By now, I think you all know me from the Smoking Musket Podcast, but I’m actually a writer by trade. As a new member of the staff, I am trying to do my part in supplying this amazing site with written content.
We all have our own opinions of West Virginia head football coach Dana Holgorsen, but Athlon Sports & Life ranked all 128 college football bowl subdivision head coaches. Holgorsen was ranked No. 45 overall, No. 6 in the Big 12.
"Holgorsen enters 2016 in an interesting position. Last season, the Mountaineers recorded their highest win total (eight) since joining the Big 12 in 2012. However, contract negotiations between Holgorsen and athletic director Shane Lyons ended earlier this spring."
This assessment of facts is spot-on. Yes, Holgorsen had his most successful year in the Big 12 last season, but most Mountaineer fans would point out that eight wins would have been a cause for firing the previous two coaches.
Athlon made clear, however, that this list is not about wins and losses, but the overall big picture. Coaches higher on the list had worse or similar records to Holgs’ last year and some ranked lower had better records.
The uncertainty surrounding Holgs is obviously giving the staff at Athlon concern about his overall coaching ability, but they do fail to mention the NFL talent he has produced during his tenure. What is also somewhat glossed over was the brilliant coaching move to rely on the run more than he has in the past, resulting in a top-20 rushing attack.
Holgorsen is situated behind Texas head coach Charlie Strong (32) and in front of Kliff Kingsbury (51) of Texas Tech in the rankings, sixth overall in the Big 12. If you were to look at the merit of their current jobs, one could argue that Holgorsen should be ahead of Strong; however, when looking at their complete body of work, Strong has proven to be a good head coach at two schools.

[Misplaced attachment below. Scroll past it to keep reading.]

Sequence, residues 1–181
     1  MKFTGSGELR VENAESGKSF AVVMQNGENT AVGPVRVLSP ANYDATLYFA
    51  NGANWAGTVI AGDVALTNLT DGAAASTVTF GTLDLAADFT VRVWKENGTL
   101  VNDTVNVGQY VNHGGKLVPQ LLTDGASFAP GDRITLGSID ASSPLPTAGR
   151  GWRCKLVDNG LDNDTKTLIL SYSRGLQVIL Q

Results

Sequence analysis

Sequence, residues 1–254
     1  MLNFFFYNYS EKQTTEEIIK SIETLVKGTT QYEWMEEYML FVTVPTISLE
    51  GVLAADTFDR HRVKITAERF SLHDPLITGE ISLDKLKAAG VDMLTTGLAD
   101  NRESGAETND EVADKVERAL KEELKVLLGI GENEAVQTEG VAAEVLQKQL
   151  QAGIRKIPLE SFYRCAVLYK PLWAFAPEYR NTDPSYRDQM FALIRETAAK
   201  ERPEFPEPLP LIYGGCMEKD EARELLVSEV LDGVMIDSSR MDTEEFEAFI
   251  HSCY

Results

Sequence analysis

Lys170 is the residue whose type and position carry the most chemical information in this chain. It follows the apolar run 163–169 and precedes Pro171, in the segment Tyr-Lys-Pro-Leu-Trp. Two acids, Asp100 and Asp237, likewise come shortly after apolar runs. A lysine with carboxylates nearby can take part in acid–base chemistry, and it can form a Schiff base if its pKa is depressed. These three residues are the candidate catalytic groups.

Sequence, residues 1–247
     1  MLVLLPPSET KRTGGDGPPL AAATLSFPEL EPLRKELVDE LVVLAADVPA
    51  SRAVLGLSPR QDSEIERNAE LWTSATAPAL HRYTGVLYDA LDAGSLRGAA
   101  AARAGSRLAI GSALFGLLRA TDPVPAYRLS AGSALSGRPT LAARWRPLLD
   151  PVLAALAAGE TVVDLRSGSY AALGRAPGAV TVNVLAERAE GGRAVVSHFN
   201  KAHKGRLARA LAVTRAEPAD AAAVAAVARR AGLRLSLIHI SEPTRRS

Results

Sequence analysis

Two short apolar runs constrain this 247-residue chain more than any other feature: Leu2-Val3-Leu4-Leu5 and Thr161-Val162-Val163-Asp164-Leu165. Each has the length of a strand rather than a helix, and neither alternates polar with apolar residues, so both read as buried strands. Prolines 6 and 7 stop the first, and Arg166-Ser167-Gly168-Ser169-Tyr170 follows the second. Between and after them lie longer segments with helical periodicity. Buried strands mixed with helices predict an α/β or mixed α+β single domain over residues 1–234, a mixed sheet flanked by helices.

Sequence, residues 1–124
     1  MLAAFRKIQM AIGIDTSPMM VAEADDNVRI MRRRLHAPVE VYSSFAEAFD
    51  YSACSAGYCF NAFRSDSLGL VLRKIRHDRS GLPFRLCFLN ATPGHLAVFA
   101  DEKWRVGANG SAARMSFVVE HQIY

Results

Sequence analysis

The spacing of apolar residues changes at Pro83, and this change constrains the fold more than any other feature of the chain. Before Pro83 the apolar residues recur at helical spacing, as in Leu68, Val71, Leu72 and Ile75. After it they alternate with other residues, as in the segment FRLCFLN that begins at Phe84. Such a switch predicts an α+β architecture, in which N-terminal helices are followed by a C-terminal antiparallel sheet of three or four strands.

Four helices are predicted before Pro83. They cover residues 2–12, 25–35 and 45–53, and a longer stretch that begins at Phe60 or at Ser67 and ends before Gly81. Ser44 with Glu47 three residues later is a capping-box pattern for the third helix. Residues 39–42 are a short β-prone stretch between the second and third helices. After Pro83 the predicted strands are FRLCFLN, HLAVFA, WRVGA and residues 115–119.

With Art Briles dismissed at Baylor, Strong was able to move up the list behind Oklahoma’s Bob Stoops (5), Gary Patterson (6) of TCU, Bill Snyder (11) of Kansas State and Oklahoma State’s Mike Gundy (21).
With an overall record of 36-28 in five seasons, Holgorsen’s tenure at WVU has been just above average (.562 win percentage). His true success has been seen in building what most believe is now a true modern football program and pulling off four big-time upsets. Overall, this is a fair ranking for Holgorsen.
Notably below Holgorsen on the list is Marshall’s Doc Holliday (70), Cincinnati’s Tommy Tuberville (59) and Matt Rhule of Temple (who finished 10-4 last year) (58).
Ranked above Holgs is Bronco Mendenhall (43), now at Virginia, Pat Narduzzi (39), who guided Pitt to an 8-5 mark in his first season, and new Virginia Tech head coach Justin Fuente (33).
How do you think this ranking reflects Holgorsen’s first tenure as a head coach? Comment below.